Purpose: To investigate the variation in average daily travel time to work among registered nurses (RNs) living in urban, suburban, and rural areas. We examine how travel time varies across RN characteristics, job setting, and availability of local employment opportunities.
Method: Descriptive statistics and linear regression using a 5% sample from the 2000 Census and a longitudinal survey of newly licensed RNs (NLRN). Travel time for NLRN respondents was estimated using geographic information systems (GIS) software. Findings: In the NLRN, rural nurses and those living in small towns had significantly longer average commute times. Young married RNs and RNs with children also tended to have longer commute times, as did RNs employed by hospitals.
Conclusions: The findings indicate that travel time to work varies significantly across locale types. Further research is needed to understand whether and to what extent lengthy commute times impact RN workforce needs in rural and urban areas.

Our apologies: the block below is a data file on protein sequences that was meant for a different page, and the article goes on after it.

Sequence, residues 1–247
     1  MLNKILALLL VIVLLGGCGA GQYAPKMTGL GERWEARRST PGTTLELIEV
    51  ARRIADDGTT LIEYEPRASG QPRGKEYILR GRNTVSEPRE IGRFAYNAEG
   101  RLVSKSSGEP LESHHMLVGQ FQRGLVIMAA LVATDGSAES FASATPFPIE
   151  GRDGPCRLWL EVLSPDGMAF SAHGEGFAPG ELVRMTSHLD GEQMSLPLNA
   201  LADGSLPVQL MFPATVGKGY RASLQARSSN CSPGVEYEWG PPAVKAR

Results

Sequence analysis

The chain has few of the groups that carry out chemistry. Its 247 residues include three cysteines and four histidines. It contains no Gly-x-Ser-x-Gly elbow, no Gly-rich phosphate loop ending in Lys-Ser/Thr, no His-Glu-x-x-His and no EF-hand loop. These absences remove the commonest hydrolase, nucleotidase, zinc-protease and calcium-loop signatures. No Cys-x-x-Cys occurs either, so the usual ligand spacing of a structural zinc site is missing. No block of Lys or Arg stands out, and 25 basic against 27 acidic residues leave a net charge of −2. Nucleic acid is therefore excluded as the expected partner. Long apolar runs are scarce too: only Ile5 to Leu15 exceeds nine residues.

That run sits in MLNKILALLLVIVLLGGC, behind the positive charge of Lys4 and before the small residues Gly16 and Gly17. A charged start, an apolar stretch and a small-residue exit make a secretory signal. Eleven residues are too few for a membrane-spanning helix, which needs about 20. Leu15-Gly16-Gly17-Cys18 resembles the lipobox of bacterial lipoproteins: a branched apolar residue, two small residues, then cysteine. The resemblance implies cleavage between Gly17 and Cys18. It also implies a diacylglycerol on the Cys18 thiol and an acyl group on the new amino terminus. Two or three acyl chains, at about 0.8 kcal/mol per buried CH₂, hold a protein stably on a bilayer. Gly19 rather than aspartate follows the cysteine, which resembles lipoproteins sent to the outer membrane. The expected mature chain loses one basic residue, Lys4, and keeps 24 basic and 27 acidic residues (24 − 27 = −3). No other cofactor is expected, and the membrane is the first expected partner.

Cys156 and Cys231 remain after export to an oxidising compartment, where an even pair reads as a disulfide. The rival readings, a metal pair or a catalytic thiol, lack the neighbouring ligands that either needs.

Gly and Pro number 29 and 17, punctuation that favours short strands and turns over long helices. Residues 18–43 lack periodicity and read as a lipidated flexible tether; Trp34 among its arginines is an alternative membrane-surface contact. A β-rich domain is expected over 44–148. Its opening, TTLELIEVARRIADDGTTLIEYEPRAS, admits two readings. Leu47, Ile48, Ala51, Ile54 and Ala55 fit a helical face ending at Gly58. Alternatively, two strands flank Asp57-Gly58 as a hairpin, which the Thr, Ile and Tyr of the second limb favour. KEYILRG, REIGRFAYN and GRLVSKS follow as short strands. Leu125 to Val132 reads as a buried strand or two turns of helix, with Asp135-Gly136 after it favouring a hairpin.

Author1: Marie-Claire Rosenberg, New York University
Author2: Sean P. Corcoran, New York University
Author3: Christine T. Kovner, New York University College of Nursing
Author4: Carol S. Brewer, University of Buffalo School of Nursing
Primary Contact Person:
Name: Marie-Claire Rosenberg
Email: [email protected]
Complete Citation, if completed:
Rosenberg, M.C., Corcoran, S.P., Kovner, C., & Brewer, C. (2011). Commuting to work: RN travel time to employment in rural and urban areas. Policy, Politics and Nursing Practice, 12(1), 46-54. doi: 10.1177/1527154411411926